Casa Migliaca is located 7 km from the north coast of Sicily, midway between Messina and Palermo, not far from Cefalù. The place has always belonged to the Allegra family, Signora Teresa’s family who lived in the nearby town of Mistretta.
Thanks to the mild climate and the light breezes, the owners have always regarded it more as a pleasant resort than as a resource, even though it was a productive farm.
It has a beautiful location on a hilltop 205 m above sea level, 300 m from the village of Pettineo. To the west there is a view of the Tusa river valley below, dominated by the old town of Tusa, located on the opposite side of the valley. To the north, far out to sea, you can occasionally see the Aeolian Islands. To the south is Pettineo and to the east is the higher-lying town of Motta d’Affermo.
There are no documents from which one can determine how old Casa Migliaca is, but it was probably built in the 17th century. The location of the house on one side of the old path to the Tusa river is strategically good and from here there is a fantastic view of the Tusa valley. Therefore, it is believed that the site originally belonged to part of Pettineo’s line of defense, and similarities have been found with the ruins of the Ventimiglia Castle in Pettineo, built by the Ventimiglia family, who ruled northern Sicily from the 14th to the 17th centuries. It is the uneven stone pavement around the house, of a very old type called “a giacatu”, that forms the oldest part of the building.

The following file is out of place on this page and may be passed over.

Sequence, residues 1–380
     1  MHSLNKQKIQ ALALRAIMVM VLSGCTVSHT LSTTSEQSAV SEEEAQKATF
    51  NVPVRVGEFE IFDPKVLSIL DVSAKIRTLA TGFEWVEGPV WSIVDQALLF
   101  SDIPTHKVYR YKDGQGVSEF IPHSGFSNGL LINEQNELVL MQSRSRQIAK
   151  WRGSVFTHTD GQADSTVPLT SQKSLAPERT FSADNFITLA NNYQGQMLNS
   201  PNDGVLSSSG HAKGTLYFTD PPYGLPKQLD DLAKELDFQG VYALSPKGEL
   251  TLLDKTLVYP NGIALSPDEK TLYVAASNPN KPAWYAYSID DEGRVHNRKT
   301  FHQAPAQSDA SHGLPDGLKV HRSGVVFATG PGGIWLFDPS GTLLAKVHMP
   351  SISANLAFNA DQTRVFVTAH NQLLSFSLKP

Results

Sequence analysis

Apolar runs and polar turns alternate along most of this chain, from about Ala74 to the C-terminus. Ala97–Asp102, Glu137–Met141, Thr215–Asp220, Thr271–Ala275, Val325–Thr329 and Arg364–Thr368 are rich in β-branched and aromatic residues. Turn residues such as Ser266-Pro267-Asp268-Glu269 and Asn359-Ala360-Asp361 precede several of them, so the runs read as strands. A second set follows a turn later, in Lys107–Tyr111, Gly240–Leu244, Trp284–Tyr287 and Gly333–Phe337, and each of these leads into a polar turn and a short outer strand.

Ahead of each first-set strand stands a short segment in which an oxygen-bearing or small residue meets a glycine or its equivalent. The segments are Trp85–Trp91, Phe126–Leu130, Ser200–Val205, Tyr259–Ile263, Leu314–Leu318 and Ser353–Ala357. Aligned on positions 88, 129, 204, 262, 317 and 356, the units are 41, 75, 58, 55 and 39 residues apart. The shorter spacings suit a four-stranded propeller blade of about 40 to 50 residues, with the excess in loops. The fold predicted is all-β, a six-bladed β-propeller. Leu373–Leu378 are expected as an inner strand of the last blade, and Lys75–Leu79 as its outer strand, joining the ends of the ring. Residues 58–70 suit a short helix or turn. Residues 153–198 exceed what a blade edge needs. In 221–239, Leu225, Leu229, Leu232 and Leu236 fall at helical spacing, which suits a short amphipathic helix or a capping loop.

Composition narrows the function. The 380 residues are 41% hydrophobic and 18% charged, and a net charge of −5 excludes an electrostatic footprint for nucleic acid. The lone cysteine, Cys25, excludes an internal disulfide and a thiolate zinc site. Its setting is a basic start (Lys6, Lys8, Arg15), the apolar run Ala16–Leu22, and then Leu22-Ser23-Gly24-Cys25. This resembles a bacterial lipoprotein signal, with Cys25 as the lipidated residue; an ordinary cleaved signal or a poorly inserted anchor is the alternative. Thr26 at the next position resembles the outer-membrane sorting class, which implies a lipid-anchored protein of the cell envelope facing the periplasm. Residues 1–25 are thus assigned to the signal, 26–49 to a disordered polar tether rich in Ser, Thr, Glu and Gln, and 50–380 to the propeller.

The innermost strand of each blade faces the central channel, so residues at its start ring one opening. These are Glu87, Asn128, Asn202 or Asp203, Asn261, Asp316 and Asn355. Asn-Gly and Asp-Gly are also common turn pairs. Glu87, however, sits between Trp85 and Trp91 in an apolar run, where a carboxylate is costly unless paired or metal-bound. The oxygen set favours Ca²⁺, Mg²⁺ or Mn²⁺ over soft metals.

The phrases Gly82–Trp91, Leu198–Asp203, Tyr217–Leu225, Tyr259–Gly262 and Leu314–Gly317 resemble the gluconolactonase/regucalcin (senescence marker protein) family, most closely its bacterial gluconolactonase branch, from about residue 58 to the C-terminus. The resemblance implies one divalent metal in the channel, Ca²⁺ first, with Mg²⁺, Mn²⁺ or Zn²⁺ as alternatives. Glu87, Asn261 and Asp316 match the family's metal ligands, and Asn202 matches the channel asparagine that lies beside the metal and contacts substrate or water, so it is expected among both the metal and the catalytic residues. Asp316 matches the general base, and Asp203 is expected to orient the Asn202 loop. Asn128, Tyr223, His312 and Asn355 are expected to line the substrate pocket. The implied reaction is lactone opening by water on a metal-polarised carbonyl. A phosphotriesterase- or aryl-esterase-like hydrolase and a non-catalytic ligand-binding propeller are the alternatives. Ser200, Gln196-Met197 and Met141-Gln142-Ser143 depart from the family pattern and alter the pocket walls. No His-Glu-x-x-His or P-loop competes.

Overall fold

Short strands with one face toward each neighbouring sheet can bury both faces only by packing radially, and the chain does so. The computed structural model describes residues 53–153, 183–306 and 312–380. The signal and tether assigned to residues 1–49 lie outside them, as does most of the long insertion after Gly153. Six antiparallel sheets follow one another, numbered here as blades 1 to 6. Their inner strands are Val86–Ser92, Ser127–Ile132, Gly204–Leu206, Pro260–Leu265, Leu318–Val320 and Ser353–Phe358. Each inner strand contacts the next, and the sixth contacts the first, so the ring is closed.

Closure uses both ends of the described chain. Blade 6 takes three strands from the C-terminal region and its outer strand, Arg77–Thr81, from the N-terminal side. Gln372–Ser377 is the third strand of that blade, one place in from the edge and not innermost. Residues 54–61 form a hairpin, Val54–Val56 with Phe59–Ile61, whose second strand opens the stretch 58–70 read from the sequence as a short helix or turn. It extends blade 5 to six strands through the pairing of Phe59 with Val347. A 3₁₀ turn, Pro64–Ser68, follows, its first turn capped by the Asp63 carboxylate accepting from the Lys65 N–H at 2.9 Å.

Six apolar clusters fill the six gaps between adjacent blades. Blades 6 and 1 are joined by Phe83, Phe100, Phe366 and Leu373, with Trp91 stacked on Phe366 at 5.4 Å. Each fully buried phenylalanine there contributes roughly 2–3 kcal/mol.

There are traces of the original settlement under the stone layer that is today the foundation of the building. It is assumed that the original part roughly corresponds to the foundation today, when one disregards the east wing.
In the early 1800s, the top floor was added. The old fortress, which had since become an oil mill, thus became a dwelling house for the owner. It is believed that it was also at this time that the east wing was added as a stable for the animals and an outhouse for the tools.
Teresa grew up near Messina and at that time it was her grandparents in Mistretta who used Casa Migliaca. They lived here only during the period of the year when they harvested and made oil. The lower floor of the house was used for oil processing while the dwelling was upstairs. During World War II, however, the whole family moved here, as here it was safer than in the city.
Sebastiano is from Catania and here he and Teresa settled, and here their two sons, Luca and Antonio, grew up. The sons are now adults and still live in Catania, but often come and help at Casa Migliaca.
In 1993, Teresa and Sebastiano began the renovation of Casa Migliaca.